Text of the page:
But if you set them too low, you may similarly end up being disappointed if you sense that you haven’t reached your full potential.

How much money you have in the bank is only one aspect of success.

hugshelp Fri 03-May-19 16:28:57

I don't even like the idea that our life should even be measured in terms of have we been 'successful' - which leaves many feeling like failures. It's not a test where you get a certificate.
I mean of course our lives will be full of successes and failures, of happiness and sadness, of good and bad fortune, of skills we learned and those that eluded us, of people we connected with and those we didn't, of causes we helped and mistakes we made.
I think saying I am successful because I made a lot of money has a very narrow focus.

Cherrytree59 Fri 03-May-19 16:46:49

Personally I prefer successful outcomes.

Life is a roller coaster and it doesn't care how rich or successful a person is, misfortune can strike at anytime usually when you least expect it!

One persons measurement of success could be another persons failure.

E.g. He/She has
been very successful in the police force and reached the rank of Superintendent


He/She has been unsuccessful in climbing the ranks in the police force and failed to make the grade of
Chief Superintendent

sodapop Fri 03-May-19 17:17:12

I don't agree that money equates with success. I have always worked in professions which are not highly paid but I achieved a great deal for people who needed help. It gave me a sense of satisfaction but not money in the bank. I wouldn't change that if I had my life again.

EllanVannin Fri 03-May-19 17:54:40

Success is how you are as a human being, how you treat the people around you and how you make them feel. It has nothing to do with having a large bank account. To be remembered in such a way is all the success one needs.
Neither achievements or how clever or rich a person is doesn't compensate for the quality of a relationship that you have with someone be it husband partner or friends.

Words taken from the psychotherapist Esther Perel.

mumofmadboys Fri 03-May-19 18:12:13

To be successful in my eyes when you die you leave the world a better place for having lived. We can never really know if we have achieved that.

janeainsworth Fri 03-May-19 18:18:20

That's rather a tall order momb
Unless you hold high office in government, or are a truly exceptional person like Greta Thunberg or Mother Theresa, most of what happens in the world is way beyond any individual's sphere of influence.

mumofmadboys Fri 03-May-19 18:34:27

I meant in small ways Janea like many small acts of kindness. Also hopefully if you are a loving and kind parent you will help your kids to be good parents themselves and have a positive effect on future generations.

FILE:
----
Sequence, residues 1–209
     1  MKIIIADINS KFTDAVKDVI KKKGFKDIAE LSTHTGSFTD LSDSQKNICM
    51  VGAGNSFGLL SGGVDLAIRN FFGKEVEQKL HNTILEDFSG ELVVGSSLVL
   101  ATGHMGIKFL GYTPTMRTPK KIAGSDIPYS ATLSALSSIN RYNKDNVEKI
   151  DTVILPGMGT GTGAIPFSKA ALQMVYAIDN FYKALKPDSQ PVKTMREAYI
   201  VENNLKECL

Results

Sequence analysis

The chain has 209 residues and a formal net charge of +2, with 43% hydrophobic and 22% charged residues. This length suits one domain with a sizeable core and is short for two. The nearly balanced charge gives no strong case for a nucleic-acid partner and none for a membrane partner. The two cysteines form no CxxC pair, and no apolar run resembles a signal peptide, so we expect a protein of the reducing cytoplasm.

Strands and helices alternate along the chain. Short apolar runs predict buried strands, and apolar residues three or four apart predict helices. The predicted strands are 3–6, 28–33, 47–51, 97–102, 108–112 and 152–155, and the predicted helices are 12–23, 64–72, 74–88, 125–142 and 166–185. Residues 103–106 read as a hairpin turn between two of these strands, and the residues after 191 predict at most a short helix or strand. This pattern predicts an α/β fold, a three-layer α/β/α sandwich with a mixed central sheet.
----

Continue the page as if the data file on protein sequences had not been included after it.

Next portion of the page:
janeainsworth Fri 03-May-19 20:44:26

I totally agree about the importance of being a good parent and teaching children values etc momb and I think too that it has a ripple effect outside the immediate family, but I'm not sure that it actually makes the world a better place. That would imply that every generation has been better at parenting than the previous one.
Maybe Philip Larkin had it right with his words
[your parents]'they give you all the faults they had
And add some extra, just for you'
It does seem like that sometimes grin

GabriellaG54 Fri 03-May-19 20:51:03

Contentment = success for me. That means contentment in all spheres of my life.

Jane10 Fri 03-May-19 21:58:19

Philip Larkin said rather more than that janeainsworth!

janeainsworth Fri 03-May-19 23:05:06

I didn't want my post to get deleted jane10grin

gillybob Fri 03-May-19 23:12:55

To be successful in my eyes when you die you leave the world a better place for having lived. We can never really know if we have achieved that

I think you sum it up beautifully mumofmadboys . It’s not about how much money you have made or how far up the career ladder your rose. It’s about making a difference.

Of course we ourselves, will never know this but it is for future generations to judge .

maryeliza54 Fri 03-May-19 23:17:53

They tuck you up, your Mum and Dad.
They read you Peter Rabbit, too.
They give you all the treats they had
And add some extra, just for you.

They were tucked up when they were small,
(Pink perfume, blue tobacco-smoke),
By those whose kiss healed any fall,
Whose laughter doubled any joke.

Man hands on happiness to man.
It deepens like a coastal shelf.
So love your parents all you can
And have some cheerful kids yourself.

- Adrian Mitchell

maryeliza54 Fri 03-May-19 23:18:44

Larkin was a miserable old sod ( although sadly quite accurate)